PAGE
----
Be Nimble

No matter how much you plan, plot and prepare, there is always unforeseen issues that crop up. What those things are and how they could impact you depends a lot on the type of business you are launching. My husband refers to it as a constant game of WHACK A MOLE, and he’s right!  Regardless, you have to be flexible.  There are going to be forces out there you just can’t control. In the words of Aliens everywhere “Resisting is Futile”. You will hit snags and bumps. What you thought to be the perfect strategy may not be right for you after all.  Or implementing a new selling tactic which worked elsewhere may not work in this scenario.  You need to be flexible and willing to change courses, thought process and act on it. It is not a sign of failure; it means you are listening and understanding the signals. The more flexible you are in the “How” things work or are playing out, the more successful you will be.  You will start to anticipate issues in advance and be better prepared.

Be Patient 

You know what I am going to say right?  ROME WASN’T BUILT IN A DAY!!! But this is waaaaaay easier said than done.  It is rare that a new business launches with immediate success.  More often than not it is a slow build. If you stay focused and follow the signs along the way (your milestones) you will get there.  But be realistic in your expectations. If you are, you will achieve your success.  However, there is the chance that you had the right idea but not at the right time or not the right operating model to make it happen. Know when to stop and re-evaluate. But give yourself time.  One day, one week even one month isn’t enough time in most cases to know if your business will work.

Finally – 

Owning a Business is Not for the Faint of Heart

I consider myself pretty savvy, of strong character and one that doesn’t buckle easily.  But boy is this hard!  Long sleepless nights, constantly questioning yourself and yes, even doubting yourself.  For one thing, if you own a retail like business and you are the “face” of your brand, you have to be prepared to put yourself out there. And yes, there will be negative comments from customers and not everyone will like what you have to offer. That stings; it’s like someone calling your baby ugly! You will take it personally; it will hurt and you will take each failure or stumbling block as a personal attack. But keep it in check.  If you are lucky enough to be surrounded by a great support system like me (friends, family, spouse, partner, etc) lean on them. It’s ok to show your human and to feel all these emotions.  Just don’t let them overrule you or cloud your judgement.  You can choose to cave into every little snag and take every negative comment as a personal attack.  If you do, you won’t be long for this business ride and more importantly it will chip away at you mentally and emotionally.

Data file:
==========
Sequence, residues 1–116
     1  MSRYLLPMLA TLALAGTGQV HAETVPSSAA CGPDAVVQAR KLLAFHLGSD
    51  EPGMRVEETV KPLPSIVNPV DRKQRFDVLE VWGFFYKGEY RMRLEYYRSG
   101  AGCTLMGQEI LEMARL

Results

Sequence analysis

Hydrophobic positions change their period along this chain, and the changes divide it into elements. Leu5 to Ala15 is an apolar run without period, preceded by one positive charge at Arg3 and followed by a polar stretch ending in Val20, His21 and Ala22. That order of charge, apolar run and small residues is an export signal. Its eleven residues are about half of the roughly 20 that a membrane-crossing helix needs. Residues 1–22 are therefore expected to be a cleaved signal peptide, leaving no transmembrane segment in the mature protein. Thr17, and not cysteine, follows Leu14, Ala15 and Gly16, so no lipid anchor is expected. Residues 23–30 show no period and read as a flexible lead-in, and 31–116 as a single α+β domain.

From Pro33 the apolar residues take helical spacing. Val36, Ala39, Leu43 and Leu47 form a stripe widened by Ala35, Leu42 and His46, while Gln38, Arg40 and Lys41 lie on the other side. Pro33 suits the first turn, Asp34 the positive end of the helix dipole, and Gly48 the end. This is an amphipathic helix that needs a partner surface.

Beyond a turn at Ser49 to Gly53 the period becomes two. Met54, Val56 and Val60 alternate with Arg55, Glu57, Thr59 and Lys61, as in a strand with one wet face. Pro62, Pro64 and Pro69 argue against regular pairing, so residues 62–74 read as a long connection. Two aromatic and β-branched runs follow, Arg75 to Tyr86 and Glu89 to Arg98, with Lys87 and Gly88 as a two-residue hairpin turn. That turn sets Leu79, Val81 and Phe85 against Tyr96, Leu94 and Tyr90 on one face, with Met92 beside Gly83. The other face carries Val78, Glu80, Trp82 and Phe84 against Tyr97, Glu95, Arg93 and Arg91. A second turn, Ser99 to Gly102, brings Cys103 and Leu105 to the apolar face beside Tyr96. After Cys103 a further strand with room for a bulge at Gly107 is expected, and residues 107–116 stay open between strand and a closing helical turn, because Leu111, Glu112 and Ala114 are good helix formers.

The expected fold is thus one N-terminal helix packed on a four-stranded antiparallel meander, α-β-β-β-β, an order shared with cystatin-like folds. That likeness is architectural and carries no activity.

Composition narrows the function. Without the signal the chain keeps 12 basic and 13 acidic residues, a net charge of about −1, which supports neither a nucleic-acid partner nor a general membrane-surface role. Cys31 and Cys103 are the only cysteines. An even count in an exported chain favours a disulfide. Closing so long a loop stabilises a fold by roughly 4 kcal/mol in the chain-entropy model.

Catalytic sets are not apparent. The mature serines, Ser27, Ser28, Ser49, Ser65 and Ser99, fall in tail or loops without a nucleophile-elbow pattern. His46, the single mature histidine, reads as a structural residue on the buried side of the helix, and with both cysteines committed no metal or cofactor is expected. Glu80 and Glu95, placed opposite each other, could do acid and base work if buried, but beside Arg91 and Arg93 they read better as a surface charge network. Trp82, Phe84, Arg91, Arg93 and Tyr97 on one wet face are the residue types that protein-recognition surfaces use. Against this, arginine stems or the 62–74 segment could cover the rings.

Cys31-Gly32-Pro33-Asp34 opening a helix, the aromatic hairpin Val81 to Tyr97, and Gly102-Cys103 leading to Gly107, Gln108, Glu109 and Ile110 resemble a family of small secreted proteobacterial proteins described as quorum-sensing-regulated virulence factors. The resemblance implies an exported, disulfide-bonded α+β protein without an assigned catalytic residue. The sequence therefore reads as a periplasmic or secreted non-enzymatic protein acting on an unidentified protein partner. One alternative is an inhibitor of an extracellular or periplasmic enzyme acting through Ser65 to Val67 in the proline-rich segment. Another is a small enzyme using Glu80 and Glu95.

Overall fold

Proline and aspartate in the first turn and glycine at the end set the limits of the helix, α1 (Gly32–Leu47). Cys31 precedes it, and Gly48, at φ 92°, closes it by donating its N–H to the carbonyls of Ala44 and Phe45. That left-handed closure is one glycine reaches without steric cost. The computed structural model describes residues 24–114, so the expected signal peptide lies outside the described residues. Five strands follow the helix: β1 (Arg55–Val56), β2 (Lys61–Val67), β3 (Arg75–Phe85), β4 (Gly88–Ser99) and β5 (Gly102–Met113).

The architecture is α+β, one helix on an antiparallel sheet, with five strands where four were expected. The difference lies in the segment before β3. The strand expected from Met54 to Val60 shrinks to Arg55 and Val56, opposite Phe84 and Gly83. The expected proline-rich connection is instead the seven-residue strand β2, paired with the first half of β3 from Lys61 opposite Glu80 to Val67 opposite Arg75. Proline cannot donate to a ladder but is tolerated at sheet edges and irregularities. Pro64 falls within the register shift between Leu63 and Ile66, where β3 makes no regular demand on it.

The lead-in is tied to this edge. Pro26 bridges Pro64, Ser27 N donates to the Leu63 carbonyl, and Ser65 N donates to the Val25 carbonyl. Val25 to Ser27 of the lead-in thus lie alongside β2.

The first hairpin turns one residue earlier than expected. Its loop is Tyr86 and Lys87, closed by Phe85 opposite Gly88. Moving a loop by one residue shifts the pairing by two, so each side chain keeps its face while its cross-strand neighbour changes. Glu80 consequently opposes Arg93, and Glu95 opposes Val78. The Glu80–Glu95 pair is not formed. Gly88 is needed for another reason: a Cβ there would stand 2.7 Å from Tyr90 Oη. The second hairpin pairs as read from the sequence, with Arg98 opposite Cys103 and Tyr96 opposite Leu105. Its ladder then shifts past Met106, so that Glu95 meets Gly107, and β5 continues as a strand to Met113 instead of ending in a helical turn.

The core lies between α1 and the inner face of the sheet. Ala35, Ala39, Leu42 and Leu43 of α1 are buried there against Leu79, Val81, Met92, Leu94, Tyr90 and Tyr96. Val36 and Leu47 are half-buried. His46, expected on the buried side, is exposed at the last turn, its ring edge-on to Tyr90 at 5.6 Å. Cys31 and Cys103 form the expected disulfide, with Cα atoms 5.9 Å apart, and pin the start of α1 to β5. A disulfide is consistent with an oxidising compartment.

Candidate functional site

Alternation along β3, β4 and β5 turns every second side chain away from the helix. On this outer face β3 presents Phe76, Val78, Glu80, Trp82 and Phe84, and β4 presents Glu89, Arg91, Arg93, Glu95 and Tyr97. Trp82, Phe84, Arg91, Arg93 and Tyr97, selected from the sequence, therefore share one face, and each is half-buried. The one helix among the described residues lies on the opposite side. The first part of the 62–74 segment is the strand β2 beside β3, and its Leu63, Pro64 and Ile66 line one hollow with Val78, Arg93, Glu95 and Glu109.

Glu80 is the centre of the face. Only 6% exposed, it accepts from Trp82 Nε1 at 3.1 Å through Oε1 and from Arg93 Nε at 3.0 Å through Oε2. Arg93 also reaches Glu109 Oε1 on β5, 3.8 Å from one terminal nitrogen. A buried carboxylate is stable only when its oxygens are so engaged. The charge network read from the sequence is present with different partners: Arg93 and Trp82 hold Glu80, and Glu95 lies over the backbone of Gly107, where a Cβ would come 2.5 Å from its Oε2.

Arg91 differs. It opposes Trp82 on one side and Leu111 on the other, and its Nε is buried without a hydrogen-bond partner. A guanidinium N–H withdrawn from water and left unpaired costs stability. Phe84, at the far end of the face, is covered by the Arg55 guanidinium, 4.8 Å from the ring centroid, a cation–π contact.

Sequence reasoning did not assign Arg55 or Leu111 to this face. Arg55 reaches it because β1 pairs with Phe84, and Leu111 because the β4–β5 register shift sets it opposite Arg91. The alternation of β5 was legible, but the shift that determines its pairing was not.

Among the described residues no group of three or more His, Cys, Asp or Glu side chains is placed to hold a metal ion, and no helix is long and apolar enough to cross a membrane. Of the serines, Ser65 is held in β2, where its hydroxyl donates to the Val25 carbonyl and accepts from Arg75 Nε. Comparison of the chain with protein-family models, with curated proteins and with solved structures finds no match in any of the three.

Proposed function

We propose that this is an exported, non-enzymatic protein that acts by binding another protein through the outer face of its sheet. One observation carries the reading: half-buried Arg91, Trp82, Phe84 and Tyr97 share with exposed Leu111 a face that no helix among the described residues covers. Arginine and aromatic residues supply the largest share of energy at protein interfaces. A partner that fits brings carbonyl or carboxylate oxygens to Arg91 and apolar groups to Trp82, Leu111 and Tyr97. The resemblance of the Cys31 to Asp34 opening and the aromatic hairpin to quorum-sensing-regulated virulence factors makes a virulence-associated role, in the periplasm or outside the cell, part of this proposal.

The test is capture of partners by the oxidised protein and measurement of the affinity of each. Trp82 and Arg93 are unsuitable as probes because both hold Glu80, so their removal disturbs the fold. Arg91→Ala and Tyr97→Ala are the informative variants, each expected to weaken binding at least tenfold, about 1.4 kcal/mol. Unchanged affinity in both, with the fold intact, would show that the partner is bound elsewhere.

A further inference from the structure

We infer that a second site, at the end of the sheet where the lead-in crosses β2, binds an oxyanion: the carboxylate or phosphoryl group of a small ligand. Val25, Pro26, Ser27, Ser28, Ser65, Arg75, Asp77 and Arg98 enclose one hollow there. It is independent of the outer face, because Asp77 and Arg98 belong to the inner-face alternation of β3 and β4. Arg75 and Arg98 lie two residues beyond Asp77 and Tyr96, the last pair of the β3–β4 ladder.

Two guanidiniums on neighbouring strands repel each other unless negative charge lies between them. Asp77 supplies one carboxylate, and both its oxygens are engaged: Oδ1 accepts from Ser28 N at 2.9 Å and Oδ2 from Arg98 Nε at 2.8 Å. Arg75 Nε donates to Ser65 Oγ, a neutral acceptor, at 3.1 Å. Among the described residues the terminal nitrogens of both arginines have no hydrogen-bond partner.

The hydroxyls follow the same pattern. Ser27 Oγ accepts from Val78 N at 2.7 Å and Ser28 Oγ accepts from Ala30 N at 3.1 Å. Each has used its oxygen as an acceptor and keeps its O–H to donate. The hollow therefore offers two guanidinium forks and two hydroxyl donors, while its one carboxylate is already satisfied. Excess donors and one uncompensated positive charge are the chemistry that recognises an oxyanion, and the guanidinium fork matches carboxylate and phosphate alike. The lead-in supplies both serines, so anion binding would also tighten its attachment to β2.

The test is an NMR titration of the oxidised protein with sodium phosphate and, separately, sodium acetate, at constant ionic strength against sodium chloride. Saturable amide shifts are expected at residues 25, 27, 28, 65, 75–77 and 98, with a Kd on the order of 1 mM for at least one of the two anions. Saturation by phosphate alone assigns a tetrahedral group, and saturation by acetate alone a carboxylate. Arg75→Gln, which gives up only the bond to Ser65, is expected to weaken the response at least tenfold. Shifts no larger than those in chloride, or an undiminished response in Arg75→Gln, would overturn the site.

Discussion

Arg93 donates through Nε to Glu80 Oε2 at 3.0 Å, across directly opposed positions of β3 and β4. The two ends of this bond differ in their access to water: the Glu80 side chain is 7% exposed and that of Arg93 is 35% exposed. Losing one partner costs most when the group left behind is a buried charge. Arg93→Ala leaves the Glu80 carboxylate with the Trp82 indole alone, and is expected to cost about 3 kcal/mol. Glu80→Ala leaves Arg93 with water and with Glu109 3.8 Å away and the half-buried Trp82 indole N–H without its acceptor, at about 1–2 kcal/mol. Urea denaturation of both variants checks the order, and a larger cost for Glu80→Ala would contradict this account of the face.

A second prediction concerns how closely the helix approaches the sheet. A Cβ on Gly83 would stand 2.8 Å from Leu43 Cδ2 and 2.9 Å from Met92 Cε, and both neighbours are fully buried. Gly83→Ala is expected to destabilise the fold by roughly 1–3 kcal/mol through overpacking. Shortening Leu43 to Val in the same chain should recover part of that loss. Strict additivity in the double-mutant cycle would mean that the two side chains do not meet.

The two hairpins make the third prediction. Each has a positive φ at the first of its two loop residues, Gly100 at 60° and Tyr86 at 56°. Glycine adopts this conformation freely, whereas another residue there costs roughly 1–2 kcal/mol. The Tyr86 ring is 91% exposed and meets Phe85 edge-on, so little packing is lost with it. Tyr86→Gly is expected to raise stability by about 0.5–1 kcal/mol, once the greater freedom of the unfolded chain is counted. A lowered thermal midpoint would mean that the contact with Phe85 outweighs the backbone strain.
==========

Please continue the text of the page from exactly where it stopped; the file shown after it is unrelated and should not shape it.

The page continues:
My Advice?

Stay on course, believe in yourself like you did when you first came up with the idea. Remember you will stumble and fall along the way.  Ask for help, it isn’t a sign of weakness. 

And breathe.  You’ve Got This!

(and now I’m off to go take my own advice!)



Founder, Glam & Glo